A Vision Statement for Thinking, Writing, and Publishing Otherwise in the University without Condition

Detail from Hieronymous Bosch, Ship of Fools, 1490-1500, Louvre Museum

Caring for myself is not self-indulgence, it is self-preservation, and that is an act of political warfare.

~ Audre Lorde, “A Burst of Light: Living with Cancer”

By their very nature, ideas cannot be property.

~ Aaron Swartz, “Information Wants to Be Free”

… it ought to be the role of the public research university—and by extension, of its platforms for disseminating research results—not to regulate and officiate thought, while also subjecting its potential publication to market and disciplinary conditions, but rather to create the hospitable open conditions for its creative emergence, beyond what we think we know, in whatever forms it might take.

~ Eileen A. Fradenburg Joy, “Not Self-Indulgence, but Self-Preservation: Open Access and the Ethics of Care”

As scholars, we are often locked up into our own disciplines, but sharing our research with the public, with colleagues, with other departments, and especially with non-academics, can only be enriching. The more we share our work, the better it becomes and the best way to share it is to make it available to everyone, to make it open access no matter where anyone lives or how much they earn. This seems self-evident, but we will have to fight for it every step along the way.

~ Vincent W.J. van Gerven Oei, “Publishing as Activism: punctum books, Aaron Swartz, and the Medieval Sudan”

Who We Are and What We Do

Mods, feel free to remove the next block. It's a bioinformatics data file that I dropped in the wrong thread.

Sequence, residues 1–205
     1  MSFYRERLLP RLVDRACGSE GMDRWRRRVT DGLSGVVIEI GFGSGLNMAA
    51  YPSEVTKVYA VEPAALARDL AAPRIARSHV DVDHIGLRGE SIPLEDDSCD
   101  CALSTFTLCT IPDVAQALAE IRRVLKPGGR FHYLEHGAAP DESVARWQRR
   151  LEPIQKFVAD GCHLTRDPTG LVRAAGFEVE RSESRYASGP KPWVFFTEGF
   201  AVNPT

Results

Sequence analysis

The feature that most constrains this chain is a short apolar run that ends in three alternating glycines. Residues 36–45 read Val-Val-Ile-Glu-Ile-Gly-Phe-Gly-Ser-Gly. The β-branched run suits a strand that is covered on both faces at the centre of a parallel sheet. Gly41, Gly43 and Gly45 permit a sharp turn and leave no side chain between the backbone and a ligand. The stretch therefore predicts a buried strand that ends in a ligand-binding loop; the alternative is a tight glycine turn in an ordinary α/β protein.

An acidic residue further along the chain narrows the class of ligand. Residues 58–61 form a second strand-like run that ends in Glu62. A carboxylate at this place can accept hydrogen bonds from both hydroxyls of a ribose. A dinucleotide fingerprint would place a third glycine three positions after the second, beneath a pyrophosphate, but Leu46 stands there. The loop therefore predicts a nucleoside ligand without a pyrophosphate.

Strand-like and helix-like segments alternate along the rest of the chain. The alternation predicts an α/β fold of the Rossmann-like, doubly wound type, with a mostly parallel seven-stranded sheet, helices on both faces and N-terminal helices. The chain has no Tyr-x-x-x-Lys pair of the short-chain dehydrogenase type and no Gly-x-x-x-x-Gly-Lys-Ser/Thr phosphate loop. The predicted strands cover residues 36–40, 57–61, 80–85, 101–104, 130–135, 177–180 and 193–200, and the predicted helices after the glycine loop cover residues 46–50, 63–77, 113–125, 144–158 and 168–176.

punctum books, founded in Brooklyn, New York in 2011, and now incorporated in Santa Barbara, California as a public benefit corporation co-directed by Eileen A. Fradenburg Joy and Vincent W.J. van Gerven Oei, is an independent queer- and scholar-led, community-formed, and peer-reviewed Sparkly Diamond open-access (OA) publisher devoted to academic and para-academic authors working in any field in the humanities, social sciences, fine arts, and architecture & design who want to publish books that are genre-queer and genre-bending and which take experimental risks with the forms and styles of intellectual writing. Our authors understand that where they publish is just as important as the content of their work, and that sharing their work with the global commons is vital and necessary. Three primary concentrations for us are (1) books that shift the paradigm in established disciplines; (2) books that help to create emerging transdisciplinary fields; and (3) books that play in the fields of creatively speculative thought (Submission Guidelines). Following the contours sketched out above, we also welcome multi-authored essay volumes that are creatively conceptualized and expertly curated around specific themes, subjects, debates, approaches, and the like. We are also committed to supporting projects of translation and multilingualism across a wide variety of historical periods and languages. Our commitments to and care for diversity, equity, and inclusion are evidenced in our Directorship and staff, our catalog and also in or Editorial Advisory Board. Ultimately, punctum seeks and houses work that feels and thinks in the realm of “away from,” the grammar of the de-, that which deforms, decolonizes, deconstructs, defenestrates, demystifies, detoxifies, destabilizes, decenters, degentrifies, demythologizes, defers, detaches, defends, deletes, departs, decriminalizes, demobilizes, delocates, depolarizes, denationalizes, decalcifies, decommissions, delaminates, and delegitimizes. Maybe we should also think about the re-, returning, going back, doing things over, remembering, repeating ourselves, running backwards, relapsing, regrouping (etc.). Where are we going? This is an adventure story.